Logansport Pharos-Tribune from Logansport, Indiana on April 5, 1895 · Page 2
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April 5, 1895

Logansport Pharos-Tribune from Logansport, Indiana · Page 2

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Logansport, Indiana
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Friday, April 5, 1895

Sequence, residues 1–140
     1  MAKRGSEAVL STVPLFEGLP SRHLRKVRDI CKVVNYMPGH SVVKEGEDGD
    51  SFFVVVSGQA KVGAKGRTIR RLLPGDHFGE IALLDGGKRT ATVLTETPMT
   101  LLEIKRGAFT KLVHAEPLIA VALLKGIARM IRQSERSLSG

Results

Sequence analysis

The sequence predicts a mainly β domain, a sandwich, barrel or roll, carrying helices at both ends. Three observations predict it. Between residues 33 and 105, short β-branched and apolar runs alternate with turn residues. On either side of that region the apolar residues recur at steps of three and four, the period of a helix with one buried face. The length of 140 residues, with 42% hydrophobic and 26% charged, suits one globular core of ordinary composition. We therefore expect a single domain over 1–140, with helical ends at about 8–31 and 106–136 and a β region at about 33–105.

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•r (MOTHERS recovering from the illness at- tc tiding child• birth, or who suf- f/fer from the ef- / feels of disorders, ' derangements and displacements of the wo- mniily organs, will find relief and, .it permanent cure in Dr. Pierce 's •^•Favorite Prescription. T.-iken during • ' pfcgiiancv, the " 1'rescripUOii " HAKES CHILDBIRTH EASY by preparing the system for parturition, thus*, assisting Nature and shortening "labor." The painful ordeal of child- tirth is robbed of its terrors, and the dangers thereof greatly lessened, to both mother and child. The period of confinement is also greatly shortened, the mother strengthened and built up, and an abundant secretion of nourishment for the child promoted. If THE' MARRIED WOMAN be delicate, nm-down, or overworked, it •worries her husband as well as herself. This is the proper time to build up her 1 strength and cure those weaknesses, or ailments, which are the cause of her trouble. Dr. 1'ierce's Favorite Prescription dispels aches and pains, melancholy and nervousness, brings refreshing sleep and makes :i new woman of her. Mrs. AIIK.\.M '..viia.of/ y., writes : " f h;i'l IK-CM JMi/feriii;: (Yum tilixT.-iti'jii nml l:illini.'ot'lii<: wcinili, :fors<:vcr;il ye.-irs. or si net; the birlli o'f MI t yuiinijtsi child. [consiiltv'ljillIlK: physicians rirouiid here anc'l tlity K.'IVC im.Mip.-uul snkl then.- w;is no help for me. Al last.nltiKWt rli<coiir- «KC<I, I i)i:jran L.-ikiii;,' I)!'. 1'icrcc'i K.-ivoritt.- 1'j'e- HCription iinil took five bottles. Ili- three- yenr* ainctrdMd 1 ii.'ivr Mi>l h:id nnv return oftli'- 1 -.-ouhli-. I fire] verv Kratcfiil. nml iu fact, owe von niy \\k. WAS FAITHLESS. .Trust Imposed in an Assistant Cashier Unfortunately Betrayed, Downfall Due to Desire to Speculat and Willingness to Use Other People's Money. ,. „ , YQV MKS ' U ° N ' , . for 1 do mil think I should linve IK.-CU alive BOW if! liad uol taken your mcdigiue." SHORT SPECIALS. Arrangements have been made at Boston for 'MO miles of electric street' car initil service. Firu in Walsh Bros.' paper mill at Cuyalioga Kails, 0., caused 8-0,000 loss »nd made idle forty men. Frank Knicrson was killed at Water- .loo, .'a., wliilo hunting by tho accidental discharge of a gun. L, A. Woods, of Kattle Creek, 'Mich., was struck and hurled across the street by tlie fast express and fatally injured. In a fight at Allen, I". T., Joel Frogg nnd a man rut tried Krown were killed. W. A. Campbell is held for the murder. Dr. Solon Marks was elected president of the Wisconsin board of health to succeed Dr. Hancock, removed by Gov. Upham. J. H. Downer and L. Tf. Walker woro probably fatally hurt in a falling elevator at Springfield, Mass. Fivo others were shaken up. Mrs, Sarah Leary, aged 30, coramit- tcd suicide Tuesda3" night at Water- to lyn, Wis., by taking carbolic acid, had been out of her mind for somo •time. James Hoss, a prominent merchant of Tewaukan, N. IX, was hold up Sunday night while returning homo from Sissctou, S. IX, and robbed of over $1,000 that he had just been paid by India IKS. There is no clew to the robbers. NONE So SKVH OF OUR AFFAIR, to Undo Si* la <lrcat Jlrttnlrt Kc'i:»r<l to Vrnozui'Ii*. WASIU.WTOX, April 4.—There, is rea- non to believe that tho .British government has given our ambassador, Mr. Bayard, to understand in response to " ;hia representations iu the Vonc- izuclan boundary matter, on his suggestion that it be submitted ,;to arbitration, that it must por- ".sisttiu regarding tlie subject as orio 'in which only Great Uritam aud Vcne- xucla ure concerned. Of course tho 'idea was set out very diplomatically •nnd courteously, so as to avoid giving offense as far us possible- while still •making it plain that the United States .coxild not bo regarded as having ,»ny proper interest in the matter. So, as it stands, the ^British government still insists .upon its absolute title and right to occupy all of the- rterritory to the eastward of the ^chom- lino. while professing a willing, to submit to arbitration its claims j •to the lands lying west of that line. This was the oll'er made to Venezuela years ago. and it has not been modified Jn any ropoct since, notwithstanding Mr. lin yard's i-tVort.-*. CHICAGO, April 4.—Assistant Cashie Frederick W. Griffin, of the Xorth- wchturn national bank, at the Cor nt-r of La Salle and Adams streets, walked into the vault where the money is kept Saturday morning and took therefrom a package containing S50.000 in currency. Another emplo3'e saw him come out and noticed he was ill at case. After thinking the matter over all night, he went to Vice President Dummer's residence on Sunday rnoruing and related what he had seen. On being question about the occurrence, Giiffin made ;i full confession, although there was at that time not the slightest particle of evidence against him, beyond the suspicions of his fellow clerk'. Urf'ii sii-ulinjr Cor Munth*. 'Hank rc.vurninur Melveon was at once wiled in, and an investigation showed the books had been tampered with so :is to cover the amount missing, the peculations extending over a period of .six months. Griffin took the money in a vain endeavor to conceal his crime from the bank oflieials. He secured a draft from another Chicago bank with tin; S.10.000 abstracted ar.d phicud the draft to the credit of the United States national bank of (iiiiaha. 'I'h is bank, us the Omaha correspondent of the Northwestern had originally 830,000 to its credit in the Chicago institution. Commencing his stealings with the accounts of other banks, Griffin finally mulcted this one alone. IIis system was to put in false tickets for telegraphic transfers of money. When the Omuhnbunk at last called for a settlement lie saw the case was hopeless and required a desperate remedy, forgetting that while Ills plan made the Omaha account all straight it left the Chicago institution's t'ash account short to the amount taken. Made Ulllrirt.llmitn .Speculation!!. Unfortunate speculation in stocks was the cause of his downwall. Aside from these the life he led was an exemplary one. He had the entire confidence of the otllcials and did not even give a bond when he took the position. He is 30 years old, has a wife and two children and had been in the employ of the bank ever since he was 10 years of age. lie was arrested Tuesday night and _has been in the custodj' of the marshal ever since. At 3 o'clock Wednesday afternoon he was brought before United States Commissioner Humphries who continued the case in $15,000 bonds until to-day. No bonds will be ; .given until after tho hearing, when there will be no trouble in finding bondsmen. Griffin reeently resigned the presidency' of the Ashland club. He was prominent in North side society circles, and declares that he ' will yet live down his disgrace. The bank officials will be as lenient with him as possible. STRICKEN~FROM THE MAP. The IiOslMi'-tiiro I'ansos a mil Wiping Out Muultoii County, MUrh. LANSING, Jlich., April •).—Maniton, the only couuty in Michigan which went democratic last Monday, has been wiped'out by the legislature. Representative Covell Wednesday afternoon introduced ;L bill which divided Manitou county, part going into Grand Traverse county and the remainder going into Leelanaw county, There was no opposition manifested and the bill was rushed through and passed. ••^^••^••^•••^•••^•••^••i^™ oocFs SarsaR I* «HJ Best Blood Purifier, Appetizer and Nerve Tonic. Jt cureg That Tired Feeling faff Failed to Burn. ELYRIA, 0., April 4.—An attempt was made to blow open the vault in the county treasurer's office here Wednesday nig-ht. .A fuse was found Thursday morning attached to the vault door, which had been plugged with nitre-glycerine. The fuse appeared to have been lighted. You in J-'Uiid Lynched. GALE>'A, Kan., April 4. — Newton "Walters, who shot and killed the Cox Toothers and then attempted to assault their sister, was found hanging to a tree near Boston Mills, 2 miles from the scene of his crime. A posse of citizens pursued him, and he was undoubted^' lynched. THE MARKETS. Gruln, I J rovlMlons, L'tc. • CHICAGO. April*. : FLOUB—Quiet and unchanged. Quotations ranncd- as follow*: Winter—Patents, S2.5(Xa 2.85: ttraltfhls, &!.ffigy.50; clears, K.ISQ-.SO; suconcb, Sl.UOaS.OO; low frnultu, Sl.tKXffii.85. Spruii,—Piueut:), $3.00i3.50; s:rii!(,'bts, SilOQ (<ii.?:>; bakers', il.SoillS; low grades, S1.75J4 I.SO; Hod Dog. Sl.tt5icl.75; Rye, $J.30ii2.50. WHEAT—Moileralely ucilvn, unsettled and lower. Gush. 53=i&55c; May. >l?i(Jj) iiic: July.55jj i&Oic. COIIN—MocieraLi)ly;actlveaiid firm. Xo. '2 ant) No. - Yellow. 40c; No. 3, +4 Wo and No. 3 Yellow, 45c; May. MMt-MXe; July. «ftf04fl?j;e; September, 4<i^ffl47Hc OATS—Unscttlod. with fair Craillnir. No. 0, 20Hu; May, ai»!a-3;Kc: .7uly.58«ai'8?ia Samples steady, No. 3, 82«a33o: No. 3 White. 3Stf No. 2, SCuaSO-JiC; No. 2 White. 33!&3W,o. KVK—Salable und steady. No. 2 In store, Me; nampiu lots, tt&iti'/ic; outsido choice: No. 3, about 4K(fcil{>; May delivery, 53^fft54o. DAKI.KY—Slow but steady. No. 4, -JSiMlo; No. 3, 5t)j,5:2yj,c for fair to choice, and No. 2, Screenings at $IO.OO,iiir.50 per Lou. K—Tradiuff was fairly active and prices lower. Quotations ranged at IfliOOjJ lilB for cash regular; IU.OQalil5 for April; fli.loaw.30 for May, and H3.Ss®r±-iZM rot July. LAKD—Rather quiet and steady. Quotations racked at $ll85iat).8?!.t for cash; tti.85ii6.3"',4 for April; tO,92)/,<i.0.97>'i lor May, and 7.10 for seller July. LIVH PODLTiiy—Per pound: Turkeys, Chickens. 7>i(38c; Ducks, OQllc; Geese, per dozen, »3.01X85. 00. BUTTER—Creamery, 10Q20c; dairy. 7Ql8o; Paokinc Stock, &a7c. hisky quoted steady at $l.ifl per gallon for hlfhwines. A USEFUL MEMORY. Through Which NEW YORK, April 4. FLOtm— State and western quiet and steady. WHEAT — No. i red, steady, qulot. May, 15-lO.i.eOMc; July, OOK'ajGO ll-IOc; September, OIJ^®tJl'iic: Deeomber, OSJjiiOS;,;. CORN— No. ^ dull, steady; May, 51J4@51J<cj July, 51tfS«5l 5-ltfe; September, Si>;c; No. 3, Urdcal Tbro Yoonc Ufflc*r Tuned. Gen. Da Barail, in his "Souvenirs, tells how his good memory for namea once served him a very handsome turn- lie was then Capt. Du Barail, and ha<3 just been assig-ned to the command ol a cavalry squadron at Blidah, in Aligiers. His feet were hardly in the stirrups before the inspector general, Gen. L'Etang-, announced his annual inspection of the troops. It was a trying ordeal for the new officer, for Gen. L'Etang- was known to be severe in his judgments. Du Barail worked hard, and thus describes the happy result: The inspector goneral reviewed the squadron hastily, and appeared to be satisfied with the appearance of the men and the condition of the horses. Then he made me stand opposite to him, and ordered me to name the subordinate officers as they should file between us. This was not dilficult, and I acquitted myself very well. "Can you do the same for the noncommissioned officers'.'" lie asked. "Certainly," I answered, and tho second trial was as successful as tho first. I took relish for the thing, and said to him: "If you wish, gauera!, I can do the same for the men." "Uow?" said the general; "you know the names of all the native soldiers?" I assured him that 1 did. "Well," he said, "I should like to see. that." The squadron filed betweeu us, and as each man passed I called his nume : which was often pretty complicated. The general, meantime, kept stopping one and another to look at their passbooks to see whether I was right. When the examination was finished the general asked the colonel of the regiment how long I had been in command of the squadron. "Not quite six weeks," was the answer. The general then paid me very handsome compliments, and expressed his regret that the brevity of my service made it impossible for him to recommend me for immediate promotion. GREAT MEAT EATERS. OATS— No. 2 dull, easier. May, 33rfc; state, : western, 34/,a«!.io. Quiet, llrin. Kxtra mess, $3.00^8.50; rimily. J10.00©1±00. Pome— inuetlvo, steady. Mess, SllOOQUOtt. i,Aiib— Quiet, nominal. BUTTKR— Stoudy. Western dairy, do. creamery new, liisilllc: do. old. 1^'i do. factory, 74JlL'c; Elglr.s, i'lc; creamery. i/-sl5c; rolls. 7®lSc. CUEESB— Onchunged. EUGS— i^ess. active, weaker. Western, I3c. KILLED BY ELECTRICITY. I.alcfl Kxcrntod In Novr Ynrlc for '•'.. IMurtler of u "\Vouinu. Atmt'rix, N. Y.. April 4. — William • Lake wns exeuutud by eloctri(>it\' in tho utate pi'ison hero at ,!>:-lj p. m. Thursday. l.Lako rn'.trdcrotl En^ma ^Louisa .Hunt, a fel- • low servant at tho Van Cirtnp liomt>teiul, nour Carlton. lu OiMober of lust year. Tho crime . 'Was accoinpanlett bv inanlfestatlons of ferocity • -»nd depravity nlmosi beyond belief. The ; Ylctirn's head was bonien to a pulp and l>er body mutllatod in a barbarous mau- .' "Her. After the crimf) Lako llod, but a fow '" d»ys later he wus captureiL Ho freely ;ul- nlttcd tho crimt 1 and did not pload any prov- . ocfttion or excu>o. It had been deliberately planned, and the details committed to .'writing, together with a l>rlef story of V, 1 tho tnurdoror's life. Tho fact that aa ' ';'was of. IlleKititnato birth, h« sftUI. had emblt- !- tered all his life. Ho lud professed lovo for • : • -Jliss Hunt, V>at she refused his atten- ';. ' Uons. and ha deterinlned to kill hor. • ,-Xiake, upou his trial, expressed a desire ' to ffo to the electrical chair, and ever since •'•:. his condemnation has said t.hat he would joy- ou»ly we Iconic the day of hia execution.] MlcliiRan Fi-ult l'ro.«p«ci» uncut. BEXTOX H..VKBOK, Mich., April 4.—Ke, ports received from the tier o£ counties comprising- the sou them ilichisran fruit belt indicate :i phenomenal peach crop. * The crop of 1S03 is now assured against danger from extreme cold. The prospects are more encouraging than at i'.'iny time for five years. Fruit will be •;', : g»tbereti this season from fully 100,000 more trees than in 1394. Snld to llnvr Owed 8200,000. I, April 4.—Some startling stories arc in circulation concerning- the affairs of the failed Commercial bajid, und it is reported that the old jewelry firm of Clemens llellcbush &: Sou owed the bank $200,000 when !Mr. Uellebiish died two years ag-o. The Hellebu.shes settled for thirty-three cents on the dollar. Younp' Clemens Jlallebush, while admitting 1 the firm Jiad borrowed from the bank, said the amount was placed too liipfh. K1CU MMKO 111 1CIUUO UOUI. • ]>OI?K, Idaho, April 4.—Xews has reached hero of a remarkably rich strike in the Alta. mine at Dclamur. An uir shaft is being- sunk. A result of sampling and assaying- shows the ore to averajre S"0 per ton iu g-old, and the shaft has hardly been started. Chic.iR'o capitalists have boug-ht bonds, which they claim are now worth twice the purchasing- price. Jlatt StiiiiU by (.iolil. l>EKr.ix, April 4.—The committee of the trade congress which assembled Thursday demanded the adoption ot the fol- j lowing- resolution: | "The\-omuierclnl and industrial circles must I regard every weakeaLns of Lae well ordered cold standard la Germany us a fundamental injury to German economic life." Wtlulow liU-ctcd. >riLWArKEE, April •!.—Justice John T?. \Viuslow is reelected to the supreme bench. Keturns received up to midnight all point to that conclusion. Sixty out of sixty-eight counties give '\Yinslow G,lliO majority, with some : democratic strongholds yet to hear from. Hotel Burned. Los ANGELES, Cal, April 4.—The Hotel Terracina at Kedlands burned 'Wednesday morning. Loss, about $40,000. Most of the guests escaped in their iiirrht clothes. L,lvo Stoolr. CHICAGO, April 4. Hoes — Marl;ct opened moderately acllvo. Fecllnc was steady at the start, but liner prices weuUened und declined 5i£!0e. Saies ranged at .WbOS)4.70 for pigs; Sl.5335.00 for ilttht: S-f.05ii'l,8."> for roupli packing; S-l.TOQ 6,£j for iiilxeil, and J4.90S5.40 for heavy packing and shipping lots. CATTLE— Market rather active, .'oollnsr llrm nnil ilie best lo;s were advanced ]0c. Quota- ions raiifod at IP.S5iao.-IO for choice to extra-siiipplns Steers: Sfl.40ri65.50 for pood to choice do.: S4. 0035.35 for fair to cood;.S-L31)a4.8S for common to medium do.; !4.00@4.50 for Butchers' Steers: S17051A80 .'or Stackers: $3.80 O4.75 for Feeders; J1.75&3 HO for Cowts: $3.^554 6.00 for Heifers: J2.50O5.0U for Bulls: $3.25®. 6. OS for Texas Steers, and £i:,OS.6.60 for Veal Calves. FUR OF THE WEASEL FAMILY. Jleautlful and Popular for C'lothing For- po*e»—All Surnge Anlmali. The fur of the weasel family is in great demand by the dealers because of its beauty and adaptability in many classes of wearing- apparel. What is known as ermine is produced by a little aninml called the stoat in England. In winter he changes his reddish-browv skin to a white one. Savage and bloodthirsty is this little creature, preying upon everything that he can overpower. His chief food consists of partridges and rabbits, but many other small animals arc disposed of in the same way. The pine marten, a member of the weasel tribe, has a brown skin and yellow throat. Stone martens have a bluish brown coat with white throat. They arc larger than the stoat and more destructive. The other is the king of weasels. He can whip anj-- thing of his weight in the world. He is hunted with hounds in Bug-land, and can give six or seven dogs all they can do to kill him. Like the mink:, he is very fond of fish and water fowl. All of the weasel family are very fierce and strong for their size. The slrunk, with his black and white coat; the badger, with his beautiful silver gray fur and black dashes, and the sable are all of the same species and valuable fur-bearing animals. ! In Thl» Country 18O,OOO,OOO TurlccjB Are Coosumecl nt Thankiglvlnc. ! According to Mulhall, a Frenchman 1 eats every 3 T ear 540 pounds of bread and 1-27 pounds of meat;, and drinks 35 gallons of wine and 5 of beer. Parisians individually consume every year 37 pounds of carrots, 0 of celery, 15 of onions, 7 of peas, 40 of potatoes, and 17 of tomatoes. Londoners individually devour annually 7 pounds of carrots, 1 of celery, 84 of onions, U of peas, 172 of i potatoes, and 07 of tomatoes. The I Spaniards individually cat every year ! 500 pounds of bread, 4S of meat, 11 of fish, and 12 of sugar, and wash down this supply with 14 gallons of wine. Last year the liens of this country produced and the people ate S'230,000,000 worth of eggs, which at 25 cents a dozen equaled 1,000,000.000 dozen eggs. We produce every year 2,100,000 tons of beef, 310,000 of mutton, and 2,100,000 of pork, the greater part of which goes down our own throats. The people of the United States are the greatest meat eaters, consuming over 535 worth per annum to each inhabitant. The world's oyster fisheries produce annually 4,430,000,000 oysters, one-half being consumed within three days after they are taken. It is estimated that this country produces 1SO,- 000,000 turkeys every year to grace the tables at Thanksgiving. Christmas, and on other occasions. It is estimated that 40,000 tons of cucumbers are raised and eaten within the limits of the United States every year. Over 12,000,000 bushels of buckwheat were last year manufactured into cakes. A GRAND DUKE'S APPETITE. WINTER FISHING. Pine Baes Caught In the Big Missouri River. Only thfl I4»rr*r Fl»h Dlte Daring- th« Cold W«*ther—Bobber* and Float* U«»d Initead of Pole* at ThU Sraton. DEAL MERIT is the •»• inrip I character- of Hood's Sarsaparilla. Jt cures even after other preparations M. Get Hood's and ONLY HOOD'S. [YOUNG MOTHERS ,k .... We Offer Yoa a Remedy Which I Insures Safety to Life of Mother tad Child. "MOTHER'S Rot)S Confinement coici!m» of its Pain, Horror FRIEND and Risk. After mlnjr one bottle of "Monrms' FHIENT>" I suffered but llitle pain, and- dm - not experience that weakneRi afterward, t usual In inch cases.—MRS. A>~XU GAGX, Baxter Sprlncs, Kan. Sen* by 31*11 or CxpreM, on receipt of prica, II per bottle. Book toUoihenmalletS fr«e. Sold by all BSUDFIELD REGCL1TOBCO., AUmU, Ga. Jt In Snid Tli.it Nlcliolan of Rnsii.-i Devonrn Thirty Chops ut One Slttinff. "It is a good thing that Grand Duke Nicholas of Russia is not a resident of Washington," said F.' R. Hartwell, of Philadelphia, who spent several years in Russia, to a Washington reporter. "It wouldn't take him long 1C break up the business of eveiy hotel arid bonrding-house in the city if he did. In what, way? Why, in satisfying his appetite. He is afllicted with tho steadiest hunger, and possesses tho most marvelous capacity for stowing away food of any man in Europe, or anywhere else, for that matter. Think of a man eating thirty full-size mutton choiu for luncheon and four big portions of sausage on the side, and then topping oil with two roast ducks! Well, that is a record he is known to have made one day in St. Petersburg, and ho had two or "three dinner and several suppc-.- engagements to meet during the afternoon and evening. His fame—or rather notoriety—as a glutton is spread all over Europe, and when he goes traveling to visit some of his distinguished titled cousins the royal larders are stocked until the pantry doors stand open, so he may be entertained in the way most pleasant to him." MUel in Stcpt- A physician in Switzerland The past winter has been the coldest known in the Irondale (Mo.) section for many years, and Big- river lias been frozen longer and more solidly than was ever before known. This continued freeze made the fish very eagerfor food, being unable to obtain any in the deep pools where they have taken refuge for the winter. All the minnows sought safety in the spring branches for which Washington county is notod. This fact led to a great deal of fishing by people who, under ordinary circumstances, never go near tho rivor. The sight of fifteen or twenty black- bass lying on the ice at one time is one to please the most skillful angler, and this was by no means an unusual circuiustance hero the past winter. Big river, says the St. Louis Globe- Democrat, is an ideal haunt for bass on account of its banks being lined on either side by towering bluffs of solid rock, and the bed is covered with big bowlders, forming a perfect elysium for the black beauties. In the summer time one can see them calmly lying in the shadows of these rooks, or else shooting up the currouts in pursuit of the agile minnow, which he is so anxious to secure for his dinner. The only bait used for the bass by the native fishers is the "top-water" minnow, which is remarkable for its vitality, living for hours where a minnow of any other variety would die in a few minutes. These minnows can ca;ii]y be obtained in the small creeks which flow nto the river by setting a not and driv- ng them into it, as many as one hundred being caught at one time. It is easy, even at this time of the year, to procure them by going near a spring where the natural warmness prevents its freez- ng. Instead of the pole the fishers use a long line with a cor); attached to regulate the depth of line to be let out and to prevent the minnow from get- ,ing under the rocks on the bottom. The other end of the line is attached to heavy piece of wood, which is left ying on the ice near the hole. These loles are cut every few steps and have a baited line in cr.ch. The fisher stands vhere he can watch his "bobbers," and t is very seldom he has to wait long, or the fish are always hungry and bite ast in the winter. As soon as the bobber" disappears the fisher draws n his fish and baits again. He some- imes has two or three lines out at a ime on account of the bites. It is interesting to watch tho fish trike the bait. The water is as clear as crystal, and one can lie down on the :e and sec the performance very plain- y. I have often noticed a school of our or five bass come up to a bait and wim slowly around it as though de- j.ating- which should have the first bite. 3irectJy one, generally tho largest, vill make a run, grab the minnow nnd tart for some large rock or the bottom. -By the time lie has all the slack line out he has the bait swallowed and himself hopelessly hooked. The others will dart away when the struggle begins, but when the noise ceases they will come cautiously back to see what the ti-oublc was. The same performance is gone through again, aud sometimes until the whole school has been caught, but frequently they become suspicious and will not touch the bait again. After moving up close and slowly backing away a time or two they will suddenly dart away and be seen no more at that hook, but they are almost sure to be caught on some one of the others. It is a curious fact that only the larger fish will bite during the winter, a very small one being scarcely ever seen. In the summer the large ones will hardly ever notice the bait. The largest bass ever known to have been caught in this vicinity was a four and one-half-pounder. This is considered a remarkably large one, as the average is about one pound. The fish caught at this season arc very nice in the flesh, being firm and sweet, tvhilo in summer they are soft and not good. KNOWLEDGE Brings comfort and improvement and »nds to personal enjoyment when rightly used. The many, wno live bet- ier than others and enjoy life more, with tess expenditure, l>7 more promptly idaptine the world's best products to vhe needs of physical being, will attest ;he value to health of the pure liquid (axative principles embraced in. tiifl 'emedy, Syrup of Figs. Its excellence is due to its presenting .n the form most acceptable and plea*- uitto the taste, the refreshing-and truly Tenefici.-xl properties of a perfect laxative ; effectually cleansing the system, iispelling colds, headaches aud "fevers ina permanently curing constipation. !t has given satisfaction "to millions and •net n-ith rthe approval of the medteal profession, because it acts ou the Kid- aeys, Liver and Bowels without weak 'mug them and it is perfectly free from 'very objectionable substance. Syrup of Figs is for sale by ali drng- ,cista in 50c ai,d $1 bottles, but it is mnu- ifactured by the California Fig Syrup Iteing well unornieOj yo Accept any substitute if offer** 1 - A LADY'S TOILET Is not complete without an ideal POMPLEXIOU || POWDER. II Combines every element of I beauty and purity. It is beauli- fying, soothing, healing, healthful, ai"il Harmless, and when ' lightly used is invisible. A. most 5 I delicate and desirable protection | t» the face in this climate. -s^wTV--X.">w'\>- Insist upon having tho genuine. IT IS FCnSALE HOW SHE SAVED A Dr»m:itic HER FATHER, tho Reiirn of HOUFG Cleaning. The time Is now at hand, iVs commendable and necessary—but how- about the house within you? It has deed of cleansing, to insure health, and tho best remedy to use is Rlne- hact'fl Pllla. They arc better than sareaparilla, etc. More potent ecti permanent in results. Sold by B. F- Kaeallng and Keystone drugstore. fben Buby wurfcfc. wex*t«InrOutof«L D<a> «be vu a Child, she crtod for Cosuxla. /hen 8be Became Mlta. eoe clung to Cuacorta. JR«» «n« JUd Children, «he grr* them Quttcfe Wcikl}- Knil Sickly Children. If you have a child weak aud nervous the best remedy to give- la a few doses of Rineharfe Worm Lozenges. These lozenges remove all kinds or worms and the worm nest, thereby making a permanent cure. Children like them. They are safe and the mcst reliable worm remedy. Sold by B. F. Keesling and Keystone store. For 0»«r Flrlj l>mr» Mrs. WlnHlow's Sootbicfe Sjrup has Eplsrxle In Terror. On the authority of Mile, dc Lescure, who heard it from the heroine's own lips, a writer in the Guardian tolls the true story of Mile, dc Somhrcuil's saving her father's Hfa from the guillotine. M. de Sombrcuil and his daughter were condemned to death at the time of the i j, een uge( j f o , over flf t y j ea rg 'by mil- September massacres, and were waiting j lons of Bothers for their children in the cart, surrounded by the mob, for whUe teelbin(ri w [ t h perfect success. It soothes the child, softens the gume, allays all pain, cures wild colic, and is the best remedy for dinrrbo^i. It will relieve the poor little sufferer immediately. Sold by druggists In every part of the world. Twenty-five cento a bottle. Be Sure and ssk for ' Mrs. Winslow's Soothing Syrup," and take no other kind. Children Cry for Pitcher's their turn to mount the scaffold. Mile, dc Sombreuil turned to the crowd and asked what harm a weak old man like her father could do to the nation. Some of ihe men answered that if she would drink a glass of blood to the nation they would let him go, and passed up a glass. She drank it-down immediately. The crowd took her and her father from '.he cart; they escaped and made their way to England. She thought at the time she drank.blood, but afterward she concluded that it was red wine, for she saw no one Stoop to fill the -glass. To her death sbc was never able, however, to see red wine in a glass without a shudd-r. "I he Stronabold of Health Is soon carried bj- the aj-s'iu'ti, ot malaria, but If Hof tetter's Stomach Blfers Is emplojed as a bnl- nst tbe disease, absolute safer/ Is at- Tne roost virulent Jornu of disease bred br .i.lasma. tainted air and water, soon yield to the creative and combatl'e 1' flacnce of this etlc- Ifnt safeguard, which lortlfles the system as no other medicine np to date has erer done. It (Onmeracts a tendency to rheumatism, neuralgia andkldner eomplnlnu overcomes indigestion, undertook to count by means of a pedometer the number of steps taken by him in a ^ ^ year. He averaged daily 20,740 steps, . nerTOMne ^ constli-aUon and liver troubles, ira- or 9,760,000 for the entire year. He p royef t ne appetite and promote* dlgei-lon. took 700,000 steps in walking- up or Taking for all In all, It to rrobablj the most use- downstairs. Figuring 1 a st«p at two foifamllj remedy In existence. »no Is popular a« feet, the doctor walked nine and one- , well as eflretlTe, Uie It ijatemttlcallT, not M tali miles a day during the entire year. ' taresulw latemli. Rinehsrt'e Worm Lozenges are the only kind that remove the worm neat with the worms. Sold by B. F. Kee*ling and Keystone drug store. Children Cry for Pitcher's Castorla. If you lack energy and are drowiy, take Eineh»rt'a Liver Fllli. One a dose. Sold by B. F. Keeling and Keyavone drug store. Children Cry for Pi tcher'a Cantor 1 -